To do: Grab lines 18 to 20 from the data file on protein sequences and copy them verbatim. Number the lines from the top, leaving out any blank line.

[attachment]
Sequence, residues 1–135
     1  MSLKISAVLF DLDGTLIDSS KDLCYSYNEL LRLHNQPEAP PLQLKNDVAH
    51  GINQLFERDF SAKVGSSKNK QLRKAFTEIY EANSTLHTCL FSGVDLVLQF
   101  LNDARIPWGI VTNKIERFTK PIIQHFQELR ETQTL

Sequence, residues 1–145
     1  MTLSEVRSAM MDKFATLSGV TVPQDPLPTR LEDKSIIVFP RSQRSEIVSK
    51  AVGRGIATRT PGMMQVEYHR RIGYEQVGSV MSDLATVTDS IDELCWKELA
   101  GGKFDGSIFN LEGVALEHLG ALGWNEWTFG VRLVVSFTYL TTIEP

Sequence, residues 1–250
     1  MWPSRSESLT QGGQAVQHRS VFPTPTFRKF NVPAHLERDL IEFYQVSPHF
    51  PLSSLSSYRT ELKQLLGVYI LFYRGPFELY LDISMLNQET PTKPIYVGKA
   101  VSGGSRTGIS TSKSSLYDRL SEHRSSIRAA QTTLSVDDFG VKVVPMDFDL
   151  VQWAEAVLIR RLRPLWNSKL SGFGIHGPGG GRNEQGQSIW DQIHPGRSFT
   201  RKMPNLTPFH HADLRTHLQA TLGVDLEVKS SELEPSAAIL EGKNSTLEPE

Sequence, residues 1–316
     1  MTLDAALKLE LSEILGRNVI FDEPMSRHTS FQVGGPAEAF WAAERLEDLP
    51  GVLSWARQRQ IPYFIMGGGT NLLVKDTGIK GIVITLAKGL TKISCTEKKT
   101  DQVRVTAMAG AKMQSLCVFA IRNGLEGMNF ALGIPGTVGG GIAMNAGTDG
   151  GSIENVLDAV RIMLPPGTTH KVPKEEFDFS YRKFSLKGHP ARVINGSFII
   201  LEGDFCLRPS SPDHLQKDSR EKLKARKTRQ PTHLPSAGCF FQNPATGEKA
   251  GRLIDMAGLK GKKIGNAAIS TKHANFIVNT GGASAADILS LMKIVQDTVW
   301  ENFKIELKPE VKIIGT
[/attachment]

   101  DQVRVTAMAG AKMQSLCVFA IRNGLEGMNF ALGIPGTVGG GIAMNAGTDG
   151  GSIENVLDAV RIMLPPGTTH KVPKEEFDFS YRKFSLKGHP ARVINGSFII
   201  LEGDFCLRPS SPDHLQKDSR EKLKARKTRQ PTHLPSAGCF FQNPATGEKA